And today, I ran 12 miles.  Some of them were really good.  Others were not.  Some had me hopeful.  Some had me praying for a bench or my bed.  But all of them added up to 12.

It doesn't matter where we land...it just matters that we set out with the intention to get there.  A heart, a mind, a will that wants "it" trusting that the "it" will disclose itself in due time.

Saturday, September 27, 2014

The Perfect Fall Day...Kinda

There's really nothing better than waking up knowing that you have nothing you have to do on a Saturday.

I decided to sleep in and postpone my long run until tomorrow.

My husband offered to take our oldest to get his haircut and watch his flag football game, so that I could have some fun one-on-one time with the girls.

We made an instant beeline for the park.  Claire brought her American girl doll.  Kate grabbed her scooter.  I packed the granola bars and water bottles and before we knew it, we were on our way.

And it was glorious.

The leaves were falling in all of their yellows, oranges, reds and greens from the trees.  The girls were singing "A, B, C's." The breeze was blowing.  And every fiber of my being felt rejuvenated.  I love autumn.

Immediately, the girls ran for the slides.

And then the swings...

And then the exercise thing-a-muh-jigs...

And while we were being silly and having fun, there was another boy goofing around as well.  All was on the up and up, until his dad said to him, "Are you being a little flirt with those cutie pie girls? I don't blame you, buddy."  WTF....are you kidding me right now?  Put off, I turned the other direction, until the little boy threw sand at Kate and she whipped around and said, "Knock it off or I'll cut you!!"  WHAT?? Did my daughter just say that?  And then she turned back and said, "I'm just kidding."  The dad turned with his son and headed toward another part of the playground.  Sweet Jesus.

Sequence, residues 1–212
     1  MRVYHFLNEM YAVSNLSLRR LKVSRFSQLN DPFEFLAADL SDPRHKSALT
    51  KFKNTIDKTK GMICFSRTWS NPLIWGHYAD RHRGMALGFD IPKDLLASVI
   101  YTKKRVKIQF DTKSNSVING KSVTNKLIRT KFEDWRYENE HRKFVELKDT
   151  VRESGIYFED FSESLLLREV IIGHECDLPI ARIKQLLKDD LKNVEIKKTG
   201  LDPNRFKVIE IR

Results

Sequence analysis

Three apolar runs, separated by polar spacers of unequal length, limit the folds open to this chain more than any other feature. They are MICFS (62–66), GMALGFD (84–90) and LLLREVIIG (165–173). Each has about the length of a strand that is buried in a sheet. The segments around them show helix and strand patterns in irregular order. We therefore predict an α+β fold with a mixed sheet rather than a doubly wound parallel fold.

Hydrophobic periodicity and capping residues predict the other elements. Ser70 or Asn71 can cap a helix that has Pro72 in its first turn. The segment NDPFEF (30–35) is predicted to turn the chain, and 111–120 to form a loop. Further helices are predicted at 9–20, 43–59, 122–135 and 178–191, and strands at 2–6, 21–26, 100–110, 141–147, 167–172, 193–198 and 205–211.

Back to the swings we go...I've got both girls going as high as they can with their tippie toes reaching for the tree tops when Kate shouts out, "Wow!  That makes my vagina tingle."  Holy Mary Mother of God.  To which Claire replies, "Mine too!  Vagina tickles...Vagina tickles."  And now, they're saying it in unison and I am mortified.  Why did I insist that the children learn the anatomically correct names of their body parts?  We should have just called it a Daisy.

As I convince them to leave the park and head for a nice long stroll through the golf course, we make a pit stop at the bleachers.

The girls climb up and down the stairs squealing and singing swishing water in their mouths and then spitting it into the dirt.  And then yes, they stumble upon a condom wrapper.  Thankfully, there was no actual condom inside or around the premises. Kill me now.

Deciding that we might just do better to start making the trek home, we decide to go on a treasure hunt for leaves, acorns, pine cones, and twigs to make a collage at home.

On my favorite bridge, the mail lady graciously agrees to snap a picture of us to remind me that it's always an adventure being a mama.

Happy Fall Day...Kinda.

Friday, September 26, 2014

Hail to the Shitty First Draft

It's freeing the first time you do something.

It doesn't have to be the first time ever.

It could be the first time for that day.

Like, the first run of the morning...the first report writing of the day at the office...the first thing you tell yourself as your feet travel from the bed to the floor....the first words out of your mouth to another.

It's freeing because there's no expectation.  It doesn't have to be perfect.  It doesn't have to be tidy.  It just has to be.

I write much like I live...scattered, chaotic, neurotic, a bit like a caged animal full of lots to share with the world but mired by the inability to find the perfect way out of my own prison walls.

And so the other day I told myself, you've got to get something down on paper.